People are often frightened when the doctor raises the possibility of lithium treatment – it conjures up all kinds of images from the media and Hollywood of dark, dangerous institutions and wild kinds of symptoms. Patients often look surprised when I mention it – saying, “but isn’t that for only really crazy people?” It is unfortunate that lithium has gotten such a bad rap, because it is one of our best tested, longest used (since the 1960s), and most effective interventions for bipolar disorder. Here’s a list of its many benefits:

  • It treats mania.
  • It treats depression.
  • It can reduce the cycling of both mania and depression.
  • It’s the only medication that’s proven to reduce the risk of suicide in bipolar disorder.

There was a long period of time in recent history when doctors were leaning toward using the newer medications to treat mania and bipolar disorder, but as experiences with those medicines have revealed a number of difficult side effects, psychiatrists are moving back to the old standby – lithium. While lithium has its own side effects, they are well defined and can often be reduced or eliminated with adjustments and modifications to dose or other straightforward interventions. Following are the most common side effects:

  • Stomach problems
  • Weight gain
  • Frequent urination
  • Kidney damage
  • Liver damage
  • Foggy thinking
  • Fatigue
  • Tremor

Lithium wasn’t cooked up in a multimillion-dollar lab. It is a naturally occurring salt that just happens to calm the nerves and, when used under a doctor’s supervision, has manageable side effects for most people. Because it is often effective in managing both “poles” of bipolar – mania and depression – it is one of the rare medications that is truly a mood stabilizer for many people.

One of the biggest challenges with lithium is that blood levels (the concentration of lithium in the blood) must be maintained in a very narrow range. If your lithium level dips below its therapeutic level, the drug isn’t effective. If it rises too high, the drug can become toxic, and severe lithium toxicity can lead to death. So remember:

  • Always take the prescribed dose. Appropriate doses can vary widely from person to person – even people of similar weights. The blood level is the important number in the case of lithium. So don’t worry if your dose is very different from someone else you know?
  • Make sure your doctor prescribes regular blood tests to check your lithium levels – at least every few months (more regularly when you first start taking it). The “right level” is typically between 0.6 and 1.2 mmol/litre but every lab has a slightly different range. And while most people require a level in this range, some people do well in a lower range.
  • Your doctor may also order additional blood and urine tests particularly to check on your thyroid and kidney functions.
  • Lithium levels can rise as you lose fluid, so be wary of hot weather and vigorous exercise, and limit your consumption of diuretics, including coffee and alcohol.
  • If you experience diarrhea, vomiting, dizziness, lack of coordination, blurred vision, or other signs of lithium toxicity, contact your doctor immediately. If you can’t reach your doctor, head to the nearest emergency room.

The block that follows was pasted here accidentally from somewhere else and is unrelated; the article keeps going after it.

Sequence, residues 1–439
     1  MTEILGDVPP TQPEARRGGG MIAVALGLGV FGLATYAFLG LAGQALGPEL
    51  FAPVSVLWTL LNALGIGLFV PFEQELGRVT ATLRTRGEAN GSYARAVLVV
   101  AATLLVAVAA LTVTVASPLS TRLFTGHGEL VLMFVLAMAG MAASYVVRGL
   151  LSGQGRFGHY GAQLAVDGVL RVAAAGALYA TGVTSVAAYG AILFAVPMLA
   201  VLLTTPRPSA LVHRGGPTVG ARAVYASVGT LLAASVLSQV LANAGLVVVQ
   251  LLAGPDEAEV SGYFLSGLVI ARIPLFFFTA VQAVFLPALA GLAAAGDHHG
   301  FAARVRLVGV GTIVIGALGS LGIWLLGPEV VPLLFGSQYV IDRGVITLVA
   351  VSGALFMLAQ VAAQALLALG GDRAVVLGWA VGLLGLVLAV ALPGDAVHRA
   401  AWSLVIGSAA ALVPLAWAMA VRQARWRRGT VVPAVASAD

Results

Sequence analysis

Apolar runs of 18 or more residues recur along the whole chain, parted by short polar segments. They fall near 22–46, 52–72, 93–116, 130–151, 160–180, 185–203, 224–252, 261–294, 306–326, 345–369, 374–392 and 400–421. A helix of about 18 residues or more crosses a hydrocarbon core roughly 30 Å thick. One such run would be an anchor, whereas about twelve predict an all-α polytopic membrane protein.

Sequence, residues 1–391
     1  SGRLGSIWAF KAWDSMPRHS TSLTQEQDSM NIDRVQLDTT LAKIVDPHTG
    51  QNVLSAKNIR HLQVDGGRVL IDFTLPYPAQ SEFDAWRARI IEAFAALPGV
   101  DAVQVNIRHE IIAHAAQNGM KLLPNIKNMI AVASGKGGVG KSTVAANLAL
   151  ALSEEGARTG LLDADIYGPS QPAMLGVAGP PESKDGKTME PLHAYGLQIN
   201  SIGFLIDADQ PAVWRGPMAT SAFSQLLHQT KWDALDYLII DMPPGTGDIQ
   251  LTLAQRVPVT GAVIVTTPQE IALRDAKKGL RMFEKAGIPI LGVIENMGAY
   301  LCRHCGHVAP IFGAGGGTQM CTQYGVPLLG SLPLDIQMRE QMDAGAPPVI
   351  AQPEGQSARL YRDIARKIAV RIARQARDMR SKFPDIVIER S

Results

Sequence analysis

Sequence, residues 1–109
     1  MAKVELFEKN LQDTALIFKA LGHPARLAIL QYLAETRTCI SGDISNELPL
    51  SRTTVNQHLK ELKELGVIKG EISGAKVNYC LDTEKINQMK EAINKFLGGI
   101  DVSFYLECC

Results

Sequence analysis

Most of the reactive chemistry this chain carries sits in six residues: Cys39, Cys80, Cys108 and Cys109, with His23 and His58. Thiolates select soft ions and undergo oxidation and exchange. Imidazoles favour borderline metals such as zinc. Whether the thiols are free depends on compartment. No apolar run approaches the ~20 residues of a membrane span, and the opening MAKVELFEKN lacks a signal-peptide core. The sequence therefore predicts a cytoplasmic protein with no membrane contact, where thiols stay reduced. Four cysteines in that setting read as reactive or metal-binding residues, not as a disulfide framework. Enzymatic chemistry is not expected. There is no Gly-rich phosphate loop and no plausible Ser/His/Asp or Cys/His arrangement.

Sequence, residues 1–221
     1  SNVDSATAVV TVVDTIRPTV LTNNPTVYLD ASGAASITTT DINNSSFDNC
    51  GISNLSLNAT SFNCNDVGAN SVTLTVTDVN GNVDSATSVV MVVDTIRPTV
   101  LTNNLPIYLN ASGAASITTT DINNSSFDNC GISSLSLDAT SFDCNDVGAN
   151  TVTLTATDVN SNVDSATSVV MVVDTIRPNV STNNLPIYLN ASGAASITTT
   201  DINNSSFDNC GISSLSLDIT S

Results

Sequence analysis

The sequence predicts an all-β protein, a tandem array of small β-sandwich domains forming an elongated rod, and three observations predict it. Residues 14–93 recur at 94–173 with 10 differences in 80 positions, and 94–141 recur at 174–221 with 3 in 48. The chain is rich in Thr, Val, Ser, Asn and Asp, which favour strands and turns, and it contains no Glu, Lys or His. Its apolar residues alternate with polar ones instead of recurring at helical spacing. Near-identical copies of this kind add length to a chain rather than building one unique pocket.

Warning: On the Web or at your local health food store, you may hear of a form of lithium purported to be safer: lithium orotate. The theory behind this claim is that the chemical compound delivers lithium to the brain more efficiently than lithium carbonate, the standard compound, so it requires less lithium in your bloodstream to be effective. However, no studies currently show that lithium orotate is effective in treating mania or depression. Taking the recommended dose of lithium orotate probably won’t harm you but it also may not help.

If you’ve taken lithium for bipolar disorder or are a doctor who has prescribed it, please share your experiences, insights, and observations.



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From Psych Central's World of Psychology:
What About Lithium for Bipolar Disorder? - World of Psychology (July 22, 2008)

From Psych Central's Dr. Candida Fink & Joe Kraynak:
» Bipolar Medication Spotlight: Depakote (Valproic Acid) - Bipolar Beat (August 1, 2008)

From Psych Central's Dr. Candida Fink & Joe Kraynak:
» Bipolar Disorder Medication Spotlight: Tegretol (Carbemazapine) - Bipolar Beat (August 29, 2008)

From Psych Central's Dr. Candida Fink & Joe Kraynak:
» Bipolar Medication Spotlight: Trileptal (Oxcarbazepine) - Bipolar Beat (September 12, 2008)

From Psych Central's Dr. Candida Fink & Joe Kraynak:
» Bipolar Disorder Medication Spotlight: Lithium Orotate - Bipolar Beat (September 26, 2008)

From Psych Central's Dr. Candida Fink & Joe Kraynak:
» Preventing and Reversing Weight Gain Associated with Psychiatric Medications - Bipolar Beat (October 22, 2008)

From Psych Central's Dr. Candida Fink & Joe Kraynak:
» Strategies for Treating Bipolar Depression - Bipolar Beat (November 4, 2008)

From Psych Central's Dr. Candida Fink & Joe Kraynak:
» Bipolar Disorder Medication Spotlight: Zyprexa (Olanzapine) - Bipolar Beat (November 7, 2008)

Bipolar « A blog of learnings (November 10, 2008)

From Psych Central's website:
Mood Stabilizers for Bipolar Disorder - Psych Central (January 14, 2009)

From Psych Central's Dr. Candida Fink & Joe Kraynak:
Bipolar Disorder Q&A | Any Medications Less Risky Than Lithium? | Candida Fink, MD | Bipolar Beat (February 19, 2010)

    Last reviewed: 13 Sep 2013

APA Reference
Fink, C. (2008). Bipolar Medication Spotlight: Lithium. Psych Central. Retrieved on March 31, 2015, from


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Candida Fink, M.D. and Joe Kraynak are authors of
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